Top 4 Tips for Starting Down the Path to Financial Freedom

May 27, 2022

My oldest child turned 19 this month. I am not sure how this happened as I have not aged a day since he was born. Queue laughter from the audience!

All joking aside, while my son is still very much “a dependent”, his eventual flight from the nest has me thinking a lot lately about his future. More specifically, preparing him for the days when his post-secondary adventures are over and the real “adulting” begins. These thoughts have been highlighted by several meetings I’ve had recently with young professionals beginning their careers who want to start out on a solid financial footing. Coming of age in Covid and being raised by the generation with the highest consumer debt in history, these young people are keenly aware of the need to know better to do better.

In tribute to these inspiring youth, I have put together my top 4 tips for starting down the path to financial freedom.

Seek Cashflow Clarity

Depending on where you lived (at home or on your own) and how your education was funded (student loan or student employment), you may or may not have experience paying bills and managing cashflow. Regardless, once you enter the workforce, it’s imperative that you get clear on what you have coming in, what you have going out and what you want to do with any excess. Once you have clarity on your cashflow numbers, the real power comes in setting short and long term cashflow goals. For example, how soon would you like to purchase a new car or have your student loans paid off. This Cashflow Calculator is a great tool to help you not only gather the data but also to set those all-important intentions. It is not just the cash but what you decide you’d like to do with it that will keep you moving forward.

Lock in Healthcare Access

You likely have been covered by either a student health plan or been listed as a dependent on your parents’ health plan until now. Once you are no longer a student or a dependent, you will have to find your own coverage. If you are fortunate to be in good health, you may not think this is a priority. However, getting a basic plan before you need the coverage ensures that you will never be denied it later. Starter plans for young people are very affordable. On the other hand, a health diagnosis can be financially devastating.

You are also graduating in the gig economy where you are not likely to consistently have access to healthcare via an employer plan. Taking the reins on coverage yourself eliminates any future dependence on an employer and helps ensure your options remain wide open. My favorite innovation in locking in access to health care is Assured Access. This product available exclusively from Medavie Blue Cross allows you to start and stop benefits based on your work situation as often as you like without having to medically qualify each time. Next to clarity, flexibility is key to a solid financial future.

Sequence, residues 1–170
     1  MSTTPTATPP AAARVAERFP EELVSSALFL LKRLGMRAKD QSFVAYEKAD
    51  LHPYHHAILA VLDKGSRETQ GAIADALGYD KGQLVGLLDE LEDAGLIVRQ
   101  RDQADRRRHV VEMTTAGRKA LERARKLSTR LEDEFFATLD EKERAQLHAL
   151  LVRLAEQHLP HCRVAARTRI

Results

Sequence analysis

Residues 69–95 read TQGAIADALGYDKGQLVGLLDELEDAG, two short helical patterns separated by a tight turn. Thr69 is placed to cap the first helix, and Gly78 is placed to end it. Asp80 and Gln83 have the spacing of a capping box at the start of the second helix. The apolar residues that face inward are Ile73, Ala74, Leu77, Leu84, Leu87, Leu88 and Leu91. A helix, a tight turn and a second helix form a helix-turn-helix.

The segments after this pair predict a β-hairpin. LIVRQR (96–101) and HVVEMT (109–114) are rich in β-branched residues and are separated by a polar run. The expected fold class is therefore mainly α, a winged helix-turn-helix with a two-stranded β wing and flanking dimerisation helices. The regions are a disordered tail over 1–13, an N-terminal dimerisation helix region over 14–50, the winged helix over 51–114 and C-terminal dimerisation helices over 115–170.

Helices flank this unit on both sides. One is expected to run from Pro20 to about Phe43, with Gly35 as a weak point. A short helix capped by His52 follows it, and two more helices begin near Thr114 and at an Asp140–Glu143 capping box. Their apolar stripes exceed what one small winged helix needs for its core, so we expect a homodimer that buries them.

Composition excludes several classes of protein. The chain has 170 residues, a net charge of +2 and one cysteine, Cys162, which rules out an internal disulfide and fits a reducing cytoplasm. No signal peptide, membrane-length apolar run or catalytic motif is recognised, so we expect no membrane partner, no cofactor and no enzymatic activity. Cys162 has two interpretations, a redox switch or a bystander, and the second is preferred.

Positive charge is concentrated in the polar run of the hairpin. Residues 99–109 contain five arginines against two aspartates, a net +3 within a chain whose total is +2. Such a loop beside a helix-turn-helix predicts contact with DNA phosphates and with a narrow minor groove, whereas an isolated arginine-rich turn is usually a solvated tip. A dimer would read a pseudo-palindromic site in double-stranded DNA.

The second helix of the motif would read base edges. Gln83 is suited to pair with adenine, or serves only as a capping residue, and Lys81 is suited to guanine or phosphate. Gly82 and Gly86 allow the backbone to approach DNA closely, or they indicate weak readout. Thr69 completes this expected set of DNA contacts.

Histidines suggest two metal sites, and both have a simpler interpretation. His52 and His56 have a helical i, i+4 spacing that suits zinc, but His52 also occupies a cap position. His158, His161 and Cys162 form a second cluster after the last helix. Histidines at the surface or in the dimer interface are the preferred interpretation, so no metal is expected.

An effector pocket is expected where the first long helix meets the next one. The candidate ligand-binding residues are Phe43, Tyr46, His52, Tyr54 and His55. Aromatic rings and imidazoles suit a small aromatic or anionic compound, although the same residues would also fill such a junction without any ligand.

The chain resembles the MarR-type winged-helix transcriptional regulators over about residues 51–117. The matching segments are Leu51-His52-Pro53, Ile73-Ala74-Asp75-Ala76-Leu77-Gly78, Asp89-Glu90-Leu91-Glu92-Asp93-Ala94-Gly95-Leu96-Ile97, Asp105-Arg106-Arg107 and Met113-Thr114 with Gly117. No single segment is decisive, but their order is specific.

Start a TFSA

A TFSA is a great way to dip your toe in the pool of investing. This often-understood savings vehicle allows you to contribute $7000 per year into a wide variety of investment options, enjoying tax free growth and liquidity. The contributions you make and any investment earnings you achieve can be easily accessed at anytime tax free. Depending on how you chose to invest within the TFSA, it can be appropriate for both short term emergency savings or longer term contingency planning. The downside? Unlike an RRSP, contributions to a TFSA won’t provide you with an immediate income deduction. However, your RRSP room will still be there when your career has taken off and your higher income means that tax break will be more meaningful. This calculator compares lump-sum deposits using TFSAs and RRSPs and will help you decide which is best for your situation.

Begin Building Credit

Now that you are earning an income, you will likely want to start making some significant purchases. Homes, vehicles, and recreational toys may be just around the corner. Financing these purchases will require you to not only have the down payment and cashflow to support the purchase, but it will also require finding a lender that is willing to work with you. If you have no history of paying others back, how will they know you are going to pay them back? Getting a credit card with a small limit, having your cell phone and other bills in your name, and demonstrating that you pay them off in full and on time every month will go a long way towards building your credit score. Free apps like Credit Karma will also give you an idea of where your credit score is today and provide tips to increase that score going forward. They also offer regular updates on your progress. With clarity comes confidence…and that can make all the difference.

I can’t stop the fact that my children are growing up and that they won’t always need their old Mom. But when they are ready to leave the nest, I can ensure they have all the tips and tools they need to realize all their dreams and plans.